The BROMELIAD SOCIETY
|Vol. 1||March April, 1951||No. 2|
Portea petropolitana var. extensa. L.B. Smith.A very beautiful bromeliad that is native to the seacoast of Brazil in the state of Espirito Santo. This branched inflorescence of tubular flowers presents a lovely symphony in pastel shades of rose-pink, apple-green, blue-green and lavender; it lasts for several months. The tall semi-tubular rosette of glossy, light green leaves edged with black spines makes the plant attractive even when not in bloom. Portea is a small genus of half a dozen known species, found only in Brazil.
THE BROMELIAD SOCIETY BULLETINEditorial Office: 718 Magnolia Ave., Orlando, Florida.
Annual Dues: $3.50 a year (foreign $4.00) which includes subscription to the Bulletin.
Write to Miss Victoria Padilla, 647 South Saltair Ave., Los Angeles 49, Calif.
In keeping with the desire of the members of our fledgling
organization to make The Bromeliad Society a truly International Society we are
pleased to have already received more contributions in written notes from our
members abroad than from those in the United States. Because of this really
gratifying spirit we have decided to make this issue predominantly concerned
with other lands.
Three New Directors
At the last meeting of the Bromeliad Society which was held in Hollywood, California, at the home of Dr. and Mrs. Drummond on March 9th, three new Directors, all from Florida, were elected; Mr. Wyndham Hayward, Winter Park; Mr. Julian Nally, Gotha, and Mr. E. W. Ensign, Orlando.
The complete list of the twelve directors now holding office is as follows:
|Mr. David Barry, Jr.||Mr. Morris Schick||Mr. Julian Nally|
|Mr. E. W. Ensign||Dr. Lyman B. Smith||Miss Victoria Padilla|
|Mr. Wyndham Hayward||Mr. Ladislaus Cutak||Dr. Russell J. Seibert|
|Mr. Frank Overton||Mr. Mulford B. Foster||Dr. H. P. Traub|
It will be very welcome news to learn that Dr. H. Emery Moore, Jr., and three associates of the Bailey Hortorium at Cornell University have spent three days in M. B. Foster's garden at Orlando, Florida, gathering herbarium material, photographs and drawings of the bromeliads, new introductions, and old which are to be listed in Hortus III, now being readied for publication. Possibly the greatest changes and additions to anyone plant family in this new issue will be that of the bromeliads, and we are very happy to know that at last this great American family will be well presented in Hortus, the gardeners recognized and standard horticulture reference work in this country.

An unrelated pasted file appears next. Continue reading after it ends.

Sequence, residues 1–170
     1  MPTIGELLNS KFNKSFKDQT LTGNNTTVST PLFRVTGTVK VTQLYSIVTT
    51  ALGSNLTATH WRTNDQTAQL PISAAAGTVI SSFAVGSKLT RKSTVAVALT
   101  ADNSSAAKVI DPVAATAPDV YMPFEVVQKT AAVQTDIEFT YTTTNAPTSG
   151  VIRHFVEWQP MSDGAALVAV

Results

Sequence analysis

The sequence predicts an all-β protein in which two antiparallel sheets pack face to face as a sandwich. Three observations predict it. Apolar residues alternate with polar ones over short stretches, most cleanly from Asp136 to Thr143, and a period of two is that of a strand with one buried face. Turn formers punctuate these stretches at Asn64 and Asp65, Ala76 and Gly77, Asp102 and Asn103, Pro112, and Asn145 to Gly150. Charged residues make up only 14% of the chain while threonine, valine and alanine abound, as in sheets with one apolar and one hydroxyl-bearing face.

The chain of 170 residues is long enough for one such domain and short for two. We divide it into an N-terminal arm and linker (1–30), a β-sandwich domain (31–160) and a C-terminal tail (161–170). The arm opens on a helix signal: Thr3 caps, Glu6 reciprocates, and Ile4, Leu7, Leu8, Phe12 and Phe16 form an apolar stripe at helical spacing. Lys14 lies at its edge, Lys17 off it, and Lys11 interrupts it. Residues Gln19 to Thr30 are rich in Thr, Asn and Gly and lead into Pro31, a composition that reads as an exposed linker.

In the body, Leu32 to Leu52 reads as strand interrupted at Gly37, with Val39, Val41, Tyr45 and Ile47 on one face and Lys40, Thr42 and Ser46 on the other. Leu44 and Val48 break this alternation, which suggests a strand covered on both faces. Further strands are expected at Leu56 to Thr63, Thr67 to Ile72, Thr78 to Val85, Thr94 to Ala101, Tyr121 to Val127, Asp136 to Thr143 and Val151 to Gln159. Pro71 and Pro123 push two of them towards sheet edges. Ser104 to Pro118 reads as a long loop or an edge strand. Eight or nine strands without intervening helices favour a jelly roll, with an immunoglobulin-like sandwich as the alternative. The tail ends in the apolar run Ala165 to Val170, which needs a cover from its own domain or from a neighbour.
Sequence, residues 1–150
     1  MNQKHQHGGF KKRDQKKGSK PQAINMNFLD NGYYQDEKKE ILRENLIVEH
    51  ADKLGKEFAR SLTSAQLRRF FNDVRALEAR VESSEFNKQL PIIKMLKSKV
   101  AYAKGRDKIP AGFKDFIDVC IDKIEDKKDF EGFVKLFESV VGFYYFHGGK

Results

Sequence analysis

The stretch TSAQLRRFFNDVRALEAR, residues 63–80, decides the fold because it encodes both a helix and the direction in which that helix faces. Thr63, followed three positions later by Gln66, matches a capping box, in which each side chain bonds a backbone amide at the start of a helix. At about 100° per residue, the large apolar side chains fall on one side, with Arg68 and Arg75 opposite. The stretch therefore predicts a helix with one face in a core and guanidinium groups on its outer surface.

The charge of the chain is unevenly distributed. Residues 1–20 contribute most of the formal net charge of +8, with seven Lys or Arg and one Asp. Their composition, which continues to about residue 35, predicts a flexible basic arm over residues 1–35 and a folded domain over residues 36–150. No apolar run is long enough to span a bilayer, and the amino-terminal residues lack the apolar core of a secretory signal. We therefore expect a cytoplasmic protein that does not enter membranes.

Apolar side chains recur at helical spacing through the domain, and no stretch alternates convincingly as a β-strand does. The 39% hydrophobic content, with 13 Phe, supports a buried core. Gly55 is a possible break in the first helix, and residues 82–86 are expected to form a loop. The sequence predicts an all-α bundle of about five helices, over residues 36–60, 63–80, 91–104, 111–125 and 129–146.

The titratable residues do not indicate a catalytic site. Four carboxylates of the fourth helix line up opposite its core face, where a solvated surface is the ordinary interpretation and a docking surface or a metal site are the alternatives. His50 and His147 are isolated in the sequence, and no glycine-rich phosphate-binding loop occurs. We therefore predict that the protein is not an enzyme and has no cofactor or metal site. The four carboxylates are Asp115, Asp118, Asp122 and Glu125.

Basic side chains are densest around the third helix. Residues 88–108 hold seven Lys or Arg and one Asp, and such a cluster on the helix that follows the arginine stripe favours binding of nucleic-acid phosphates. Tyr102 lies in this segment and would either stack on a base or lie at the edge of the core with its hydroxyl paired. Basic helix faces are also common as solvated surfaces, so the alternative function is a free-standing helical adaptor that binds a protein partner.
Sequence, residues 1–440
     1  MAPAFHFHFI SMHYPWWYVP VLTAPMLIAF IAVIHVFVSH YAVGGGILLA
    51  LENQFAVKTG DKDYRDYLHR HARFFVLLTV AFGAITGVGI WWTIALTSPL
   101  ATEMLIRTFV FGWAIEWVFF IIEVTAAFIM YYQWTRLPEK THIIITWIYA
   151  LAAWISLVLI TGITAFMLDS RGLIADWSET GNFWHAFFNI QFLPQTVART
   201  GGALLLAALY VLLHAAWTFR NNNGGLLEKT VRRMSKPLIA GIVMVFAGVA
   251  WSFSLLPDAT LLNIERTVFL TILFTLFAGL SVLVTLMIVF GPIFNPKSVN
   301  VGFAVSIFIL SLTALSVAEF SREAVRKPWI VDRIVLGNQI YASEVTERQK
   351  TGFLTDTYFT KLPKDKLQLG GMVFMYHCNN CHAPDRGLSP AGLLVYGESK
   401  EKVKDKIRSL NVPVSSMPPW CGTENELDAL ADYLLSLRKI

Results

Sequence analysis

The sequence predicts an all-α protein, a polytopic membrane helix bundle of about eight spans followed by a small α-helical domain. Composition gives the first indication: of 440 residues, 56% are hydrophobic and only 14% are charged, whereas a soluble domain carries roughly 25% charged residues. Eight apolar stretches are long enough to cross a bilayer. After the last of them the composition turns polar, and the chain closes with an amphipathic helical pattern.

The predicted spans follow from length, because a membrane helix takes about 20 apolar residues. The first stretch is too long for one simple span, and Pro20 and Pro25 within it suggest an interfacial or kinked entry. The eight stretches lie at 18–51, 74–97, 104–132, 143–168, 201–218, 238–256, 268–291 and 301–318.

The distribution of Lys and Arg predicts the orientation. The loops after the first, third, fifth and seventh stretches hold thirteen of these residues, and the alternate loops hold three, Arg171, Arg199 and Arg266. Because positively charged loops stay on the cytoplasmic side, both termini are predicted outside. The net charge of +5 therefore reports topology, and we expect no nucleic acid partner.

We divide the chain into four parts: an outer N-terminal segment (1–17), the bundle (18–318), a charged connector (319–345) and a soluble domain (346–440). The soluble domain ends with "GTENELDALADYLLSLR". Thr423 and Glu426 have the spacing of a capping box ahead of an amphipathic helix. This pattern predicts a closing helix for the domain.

It has been rather difficult to decide just how many Charter Members The Bromeliad Society should have, but after due consideration of the subject it has been decided that all persons joining the Society during the first year of its organization shall be listed as Charter Members.
Advertising Rates in the Bulletin
Our membership grows steadily. Already there are twelve countries represented and we are but a few months old. Soon we hope to increase the size of The Bulletin, and to help make this possible we solicit advertisers. We have already had requests for advertising space. Here are the rates until a greater circulation indicates a change.
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Lyman B. Smith
Obviously "Bromeliad" is simply a shortening of the scientific name "Bromeliaceae" to indicate any member of the Pineapple family. We might call them all pineapples since they are members of that family, and not bother to find a new term. However, it would cause confusion to associate such diverse forms as the giant Puya and the Spanish moss under a name for which we have already a sharp and narrow concept. As the Bromeliaceae were unknown before the discovery of America, we did not have any such ancient general term for the family as there was in the case of grasses, sedges, lilies or orchids, and one had to be manufactured.
It is not possible to say now who first coined the word "Bromeliad" but it was probably some fairly recent botanist or horticulturist who was tired of having to use the phrase "species of Bromeliaceae" after the cumbrous and stately fashion of the old school. French and German botanists of the nineteenth century regularly used such single words for members of one family, had a standard way of making them, and seemed to find nothing undignified in the process.
The second step in tracing our genealogy is to find the origin of "Bromeliaceae" and this is very clear. With few exceptions the scientific name of a plant family is derived by combining the name of one of its genera with the ending "aceae." Thus in 1805 the French botanist, Jaume Saint-Hilaire, defined the Bromeliaceae and formed the family name from the genus Bromelia.
Our next step takes us back to Linnaeus the father of systematic botany for he it was who established the genus Bromelia in 1754 according to the rules we now follow in making scientific names. The name was taken from the family name of Loofa Bromelius, a Swedish botanist. Since Linnaeus also was Swedish, we might at first suppose that he had named the genus for a friend, but Bromelius died before Linnaeus was born.